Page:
People with power must police themselves. Voters can vote them out, but there are few tools to police them while they serve in elected positions.

05
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Determine if the Candidate is Able to Wield Power Righteously

Scales of Justice, gavel and law books
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In D&C 121: 39, 41 we are taught that few people handle power righteously. Those who cannot handle power righteously, should not be given any power, ever.

Evaluate candidates by how they treat those below them. This would includes members of their families, their employees, anyone who has served in a subordinate position to them, etc..

If they exploit or abuse anyone, this should be a concern. Look for abuse in any form, whether it is physical, verbal, emotional or otherwise.

People who cannot handle power, should not have any. Since acquiring power is a goal of any Gadianton type conspiracy, it is something we should guard against as we ponder our votes.

Try and select leaders who would make good church leaders and you should have a winning formula to apply against political candidates. Apply righteous leadership standards when you decide what candidates to vote for.

Anyone who seeks power is suspect. Good leaders usually accept it reluctantly and handle it carefully.

06
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Determine how the Candidate Uses Information and Makes Decisions?

Man thinking
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Elected leaders are largely responsible for making important decisions while others implement those decisions.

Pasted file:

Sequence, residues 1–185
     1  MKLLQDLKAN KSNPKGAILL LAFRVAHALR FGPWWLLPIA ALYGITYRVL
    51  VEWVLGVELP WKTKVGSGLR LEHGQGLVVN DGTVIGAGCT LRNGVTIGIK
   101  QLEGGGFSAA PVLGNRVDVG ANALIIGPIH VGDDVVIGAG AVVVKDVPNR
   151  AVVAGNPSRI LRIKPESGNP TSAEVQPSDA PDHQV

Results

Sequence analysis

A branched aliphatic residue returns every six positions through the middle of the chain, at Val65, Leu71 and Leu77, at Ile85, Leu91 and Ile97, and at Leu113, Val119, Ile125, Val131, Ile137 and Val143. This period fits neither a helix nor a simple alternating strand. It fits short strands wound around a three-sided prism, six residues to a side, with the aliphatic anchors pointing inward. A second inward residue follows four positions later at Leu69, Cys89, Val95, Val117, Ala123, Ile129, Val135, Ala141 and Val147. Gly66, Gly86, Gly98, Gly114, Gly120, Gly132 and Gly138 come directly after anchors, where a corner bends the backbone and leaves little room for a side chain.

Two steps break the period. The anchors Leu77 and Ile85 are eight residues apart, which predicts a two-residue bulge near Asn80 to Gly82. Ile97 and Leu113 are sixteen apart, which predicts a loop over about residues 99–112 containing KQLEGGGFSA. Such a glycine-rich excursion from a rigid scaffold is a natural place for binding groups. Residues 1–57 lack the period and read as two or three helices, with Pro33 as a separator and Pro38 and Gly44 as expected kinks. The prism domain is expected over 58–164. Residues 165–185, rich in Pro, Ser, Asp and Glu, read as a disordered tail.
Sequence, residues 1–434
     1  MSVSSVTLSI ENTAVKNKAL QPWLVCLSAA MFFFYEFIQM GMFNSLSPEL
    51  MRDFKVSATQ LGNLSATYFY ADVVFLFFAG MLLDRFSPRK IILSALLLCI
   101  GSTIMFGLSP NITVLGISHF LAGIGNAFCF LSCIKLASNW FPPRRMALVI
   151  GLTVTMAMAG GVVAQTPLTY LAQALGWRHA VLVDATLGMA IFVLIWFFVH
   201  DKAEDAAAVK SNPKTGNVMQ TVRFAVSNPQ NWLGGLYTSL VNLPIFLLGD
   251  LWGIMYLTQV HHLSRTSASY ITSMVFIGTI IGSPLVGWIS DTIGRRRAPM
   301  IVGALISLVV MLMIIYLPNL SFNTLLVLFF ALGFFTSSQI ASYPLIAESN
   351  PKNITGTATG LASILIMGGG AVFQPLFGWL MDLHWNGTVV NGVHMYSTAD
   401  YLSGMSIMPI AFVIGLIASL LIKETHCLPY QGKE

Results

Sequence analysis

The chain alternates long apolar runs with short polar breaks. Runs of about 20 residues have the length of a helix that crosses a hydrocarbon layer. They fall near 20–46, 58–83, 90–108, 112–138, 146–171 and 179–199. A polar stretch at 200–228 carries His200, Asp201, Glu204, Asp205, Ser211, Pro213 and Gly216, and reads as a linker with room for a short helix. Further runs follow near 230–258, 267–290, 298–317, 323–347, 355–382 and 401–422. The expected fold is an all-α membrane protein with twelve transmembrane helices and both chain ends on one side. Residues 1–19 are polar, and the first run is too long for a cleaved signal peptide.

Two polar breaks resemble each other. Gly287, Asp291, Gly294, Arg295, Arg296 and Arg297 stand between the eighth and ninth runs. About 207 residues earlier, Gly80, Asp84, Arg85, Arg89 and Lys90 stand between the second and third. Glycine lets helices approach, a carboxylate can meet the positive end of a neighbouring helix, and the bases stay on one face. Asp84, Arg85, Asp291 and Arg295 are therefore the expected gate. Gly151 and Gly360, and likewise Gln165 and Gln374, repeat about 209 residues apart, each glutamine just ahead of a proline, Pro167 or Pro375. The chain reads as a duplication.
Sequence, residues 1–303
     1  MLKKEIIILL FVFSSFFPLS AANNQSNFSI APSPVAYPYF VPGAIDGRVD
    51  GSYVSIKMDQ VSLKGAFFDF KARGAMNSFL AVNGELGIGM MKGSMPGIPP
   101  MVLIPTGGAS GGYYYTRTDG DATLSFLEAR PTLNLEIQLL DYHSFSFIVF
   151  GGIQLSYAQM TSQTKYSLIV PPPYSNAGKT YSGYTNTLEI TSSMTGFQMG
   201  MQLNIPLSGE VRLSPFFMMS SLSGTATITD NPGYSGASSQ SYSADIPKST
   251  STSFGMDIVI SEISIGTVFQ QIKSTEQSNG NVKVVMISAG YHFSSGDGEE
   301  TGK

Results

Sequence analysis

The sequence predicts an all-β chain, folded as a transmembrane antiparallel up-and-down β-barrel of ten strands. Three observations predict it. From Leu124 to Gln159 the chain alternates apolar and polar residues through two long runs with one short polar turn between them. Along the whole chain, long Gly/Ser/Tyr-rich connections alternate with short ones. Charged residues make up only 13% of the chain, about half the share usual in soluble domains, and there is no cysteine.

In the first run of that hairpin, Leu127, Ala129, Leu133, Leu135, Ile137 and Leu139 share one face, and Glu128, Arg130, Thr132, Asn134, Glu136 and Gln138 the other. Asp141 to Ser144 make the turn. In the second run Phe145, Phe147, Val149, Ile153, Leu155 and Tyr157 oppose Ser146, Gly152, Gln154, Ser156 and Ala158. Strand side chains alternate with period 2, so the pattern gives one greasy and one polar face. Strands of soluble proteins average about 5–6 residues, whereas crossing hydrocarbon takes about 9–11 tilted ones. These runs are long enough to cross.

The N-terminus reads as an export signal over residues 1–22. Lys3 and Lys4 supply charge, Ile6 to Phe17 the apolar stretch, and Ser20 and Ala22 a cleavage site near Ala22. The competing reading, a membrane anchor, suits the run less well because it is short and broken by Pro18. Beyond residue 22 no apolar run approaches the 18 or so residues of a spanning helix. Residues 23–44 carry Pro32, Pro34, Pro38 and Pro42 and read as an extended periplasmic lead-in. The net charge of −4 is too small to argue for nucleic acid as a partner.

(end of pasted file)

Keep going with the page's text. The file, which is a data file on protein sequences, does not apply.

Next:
In order to make good decisions, a person has to have accurate and correct information. In government, decision makers have access to all types of information. What sources they rely on and what procedures they use to make decisions is important for voters to know.

Does a candidate only access information brought to him or her, or does he or she go out and seek it?

In short, what is the candidate's information behavior?

History tells us that leaders who do not like criticism or negative news eventually do not receive any because their staff and colleagues cease telling them anything bad. In order to make good decisions, leaders must ensure they hear both the good and the bad.

Leaders that decide things quickly, without many facts, are just as dangerous as leaders who cannot make decisions and constantly sift through reams of information and remain undecided. There needs to be a balance.

Good decision makers will identify critical information, process what they can and make decisions in a timely matter, when they must be decided.

07
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Ignore or Avoid Examining Voting Records

Health care reform legislation
This stack of papers is the Health Care Reform legislation from 2009 that the United States Senate was voting on. Brendan Hoffman / Stringer / Getty Images News/ Getty Images

Voting records are usually poor indicators on which to judge candidates for the following reasons:

  • Voting on legislation is rarely an up or down vote on the merits.
  • Legislation is complex. You have to look at it as a package, not one item.
  • You cannot know from one vote, or even a few votes, which provisions in the legislation the candidate supports and which he or she does not.
  • Hundreds and thousands of votes can be cast. It takes time and expertise to accurately evaluate anyone's voting record.
  • Opponents and others tend to distort the candidates' voting records.
  • A leader may have voted against a piece of legislation he or she might ordinarily support, because an unacceptable amendment was attached to it.
  • We cannot know what is going on behind the scenes when legislation is being considered. This can dramatically affect how someone votes and why.